How to Use Picture Books
to Teach Cause & Effect
Picture Books Are Not Written to Teach Reading
I have to admit I wasn’t all that surprised to find the Cause and Effect Book List page is the most popular on this website. So I thought I would expand on the subject further by looking at how we can use picture books to teach this complex topic.
I have listed steps we can take to effectively use picture books to teach cause and effect. You will also find 15 fantastic picture book recommendations at the end of this post. Also, read the post on Fun and Educational Activities to Teach Cause and Effect.
Why Do We Need to Teach Cause and Effect?
Some children may struggle to recognise or describe the relationship between an action and its consequences, for example, an ice cream melting in hot weather. This is a simple, if messy, example however if they don’t figure out cause and effect, they won’t appreciate that there are consequences to actions. This could be risky (running into a road) or illegal (stealing).
In literature, cause and effect makes a story entertaining. Without it, nothing would take place! The cause makes events happen, followed by the effects of those actions. Understanding cause and effect helps children figure out what they have read and the connections between events. It helps them understand the sequence of events and the author’s meaning. All important reading skills!
How to Use Picture Books to Teach Cause and Effect
Picture books are perfect to start a conversation about a topic or concept, in this case cause and effect. Using picture books to teach cause and effect is fun and meaningful. Your students won’t even realise it is a lesson! The following activities support a deeper understanding of how one action affects the next.
- Choose a book with cause and effect events. See the suggestions below or visit the Cause and Effect Book List.
- A picture walk opens a discussion around the key cause and effect moments. Reinforce that CAUSE is why something happened and EFFECT is what happened.
- When you read the story, highlight words to show the connection between events. These words trigger an awareness that a cause and effect event is taking place. Example vocabulary includes as a result, next, finally, because, since, therefore, now that, so.
- Illustrations help children further understand cause and effect as well as support comprehension, prediction and inferring.
- Encourage the students to describe these events and the effect on the following actions. As they list each situation, write them on sentence strips. Refer back to the book to make sure you’ve checked all events.
- Mix up the sentence strips and as a class or in pairs arrange the facts in the order they took place. As you reread the sentences to check the order, ask the children to identify the cause and effect vocabulary.
- Cut up the sentence strip into the cause and the effect. Mix them up and ask the children to match the effect with the cause.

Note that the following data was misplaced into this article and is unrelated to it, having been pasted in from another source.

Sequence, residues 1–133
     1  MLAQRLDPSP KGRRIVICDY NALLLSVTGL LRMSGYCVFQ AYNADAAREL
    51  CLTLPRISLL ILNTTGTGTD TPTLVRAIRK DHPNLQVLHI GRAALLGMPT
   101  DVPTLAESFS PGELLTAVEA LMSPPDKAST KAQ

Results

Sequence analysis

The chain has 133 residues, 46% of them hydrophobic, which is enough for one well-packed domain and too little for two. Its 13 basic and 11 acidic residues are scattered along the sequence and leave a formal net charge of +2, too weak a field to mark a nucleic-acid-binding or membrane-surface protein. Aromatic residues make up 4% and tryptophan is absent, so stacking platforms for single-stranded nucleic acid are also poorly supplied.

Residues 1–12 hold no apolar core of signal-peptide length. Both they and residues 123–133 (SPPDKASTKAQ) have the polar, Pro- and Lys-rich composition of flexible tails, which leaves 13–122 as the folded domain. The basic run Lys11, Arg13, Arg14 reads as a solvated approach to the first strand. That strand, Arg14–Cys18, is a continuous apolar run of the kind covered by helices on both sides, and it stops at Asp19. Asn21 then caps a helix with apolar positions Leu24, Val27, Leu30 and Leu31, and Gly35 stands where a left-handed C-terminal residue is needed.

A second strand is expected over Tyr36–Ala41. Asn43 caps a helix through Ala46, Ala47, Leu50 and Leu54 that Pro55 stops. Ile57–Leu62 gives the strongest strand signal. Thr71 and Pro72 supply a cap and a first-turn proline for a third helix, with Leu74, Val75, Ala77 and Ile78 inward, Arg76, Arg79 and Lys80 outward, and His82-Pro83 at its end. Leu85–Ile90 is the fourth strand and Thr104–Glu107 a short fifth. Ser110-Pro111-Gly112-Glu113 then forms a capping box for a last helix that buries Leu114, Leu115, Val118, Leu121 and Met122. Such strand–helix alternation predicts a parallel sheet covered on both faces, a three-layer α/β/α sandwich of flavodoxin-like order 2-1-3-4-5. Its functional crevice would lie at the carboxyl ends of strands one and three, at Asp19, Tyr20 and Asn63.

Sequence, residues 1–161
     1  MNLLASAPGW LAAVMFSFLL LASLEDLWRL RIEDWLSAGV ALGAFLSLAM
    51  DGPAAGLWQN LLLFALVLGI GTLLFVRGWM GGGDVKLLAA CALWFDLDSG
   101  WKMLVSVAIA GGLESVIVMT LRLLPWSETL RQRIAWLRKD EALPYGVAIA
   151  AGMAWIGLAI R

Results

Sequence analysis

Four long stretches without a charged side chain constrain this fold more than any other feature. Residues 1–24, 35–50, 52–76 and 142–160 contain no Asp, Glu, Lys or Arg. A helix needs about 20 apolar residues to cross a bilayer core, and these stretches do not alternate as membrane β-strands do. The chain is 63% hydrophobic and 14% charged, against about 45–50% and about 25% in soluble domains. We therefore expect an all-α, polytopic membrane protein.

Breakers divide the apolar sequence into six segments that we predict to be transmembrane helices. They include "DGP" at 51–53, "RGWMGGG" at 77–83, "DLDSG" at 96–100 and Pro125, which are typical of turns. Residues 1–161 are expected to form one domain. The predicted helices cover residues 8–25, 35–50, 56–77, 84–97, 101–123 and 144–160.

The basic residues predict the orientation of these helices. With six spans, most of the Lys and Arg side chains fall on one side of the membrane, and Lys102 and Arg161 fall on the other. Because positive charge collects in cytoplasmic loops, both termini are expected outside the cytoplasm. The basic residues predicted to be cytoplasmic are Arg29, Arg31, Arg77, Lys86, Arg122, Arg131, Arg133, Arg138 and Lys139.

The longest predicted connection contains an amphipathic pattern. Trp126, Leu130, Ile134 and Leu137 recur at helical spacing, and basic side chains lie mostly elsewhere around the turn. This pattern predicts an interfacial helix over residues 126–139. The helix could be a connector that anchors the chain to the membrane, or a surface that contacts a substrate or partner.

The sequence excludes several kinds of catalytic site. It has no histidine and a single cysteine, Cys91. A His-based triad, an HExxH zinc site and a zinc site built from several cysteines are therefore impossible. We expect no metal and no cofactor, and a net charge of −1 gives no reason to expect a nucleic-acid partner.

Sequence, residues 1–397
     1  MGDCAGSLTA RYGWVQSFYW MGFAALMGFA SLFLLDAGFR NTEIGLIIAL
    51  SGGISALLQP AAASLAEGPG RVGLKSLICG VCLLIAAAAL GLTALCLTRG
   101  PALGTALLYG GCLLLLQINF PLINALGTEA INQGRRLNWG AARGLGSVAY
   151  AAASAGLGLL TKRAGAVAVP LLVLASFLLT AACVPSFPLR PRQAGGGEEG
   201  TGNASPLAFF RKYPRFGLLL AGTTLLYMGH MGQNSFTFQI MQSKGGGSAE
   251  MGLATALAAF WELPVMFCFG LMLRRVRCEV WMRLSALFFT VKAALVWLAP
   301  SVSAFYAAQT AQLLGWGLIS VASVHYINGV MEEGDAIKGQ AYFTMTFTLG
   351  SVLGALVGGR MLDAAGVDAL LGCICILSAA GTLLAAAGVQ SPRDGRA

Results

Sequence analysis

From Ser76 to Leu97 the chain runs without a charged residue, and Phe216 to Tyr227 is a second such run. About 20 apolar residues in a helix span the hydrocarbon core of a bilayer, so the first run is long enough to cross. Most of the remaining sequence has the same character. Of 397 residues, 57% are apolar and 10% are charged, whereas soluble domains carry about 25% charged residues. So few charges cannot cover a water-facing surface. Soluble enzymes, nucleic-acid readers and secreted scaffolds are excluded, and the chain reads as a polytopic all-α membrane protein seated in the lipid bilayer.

- Use a cause and effect graphic organiser for the students to record the events in more detail, along with their evidence.
- There are many styles of organisers for varying levels of understanding.
Using Picture Books at Home or in the Classroom
As you share the book model how to describe the plot, setting and characters and add dialogue. Initiate discussions by elaborating on what is happening and highlighting cause and effect and conflict and resolution. Asking questions teaches children to comprehend what they are reading and use the illustrations to deepen their understanding.
Here are a few questions to get you started with additional ones here.
- Tell me about the characters. What are their emotions?
- What is the character thinking? How do you know?
- What is the character’s goal/mission? How will they achieve their goal?
- Why did the character make this choice? Could they have made a better choice?
- What is the character going to do next? How will their actions affect the story?
15 Picture Books to
Teach Cause and Effect
These recommended books are excellent for demonstrating cause and effect and critical thinking skills. Some have a clear sequence of events while others require further exploration to identify the cause and effect.
Some books link back to resources on Children’s Library lady where you will find further information and lesson plans. Look out for the green “Resources’ banner on the book cover.
A Bad Case of Stripes
Click, Clack, Moo Cows That Type by Doreen Cronin
The Cloud Spinner by Michael Catchpool
The Dog That Ate the World by Sandra Dieckmann
The Lumberjack’s Beard
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When teaching cause and effect always check for understanding. As the students answer questions, encourage them to support their answers by giving evidence. Through my teaching career, I found when asking a student to explain why something had happened they would say “because” but couldn’t give any evidence. These steps are a great way to help students to not only understand cause and effect but also verbalise it.
It is necessary to give children the time to identify and describe cause and effect in books. By analysing picture books in-depth using the steps above children will build up their understanding. We want the concept to be intuitive.
What are your favourite picture books for teaching cause and effect? Hit the comments below and share with the community!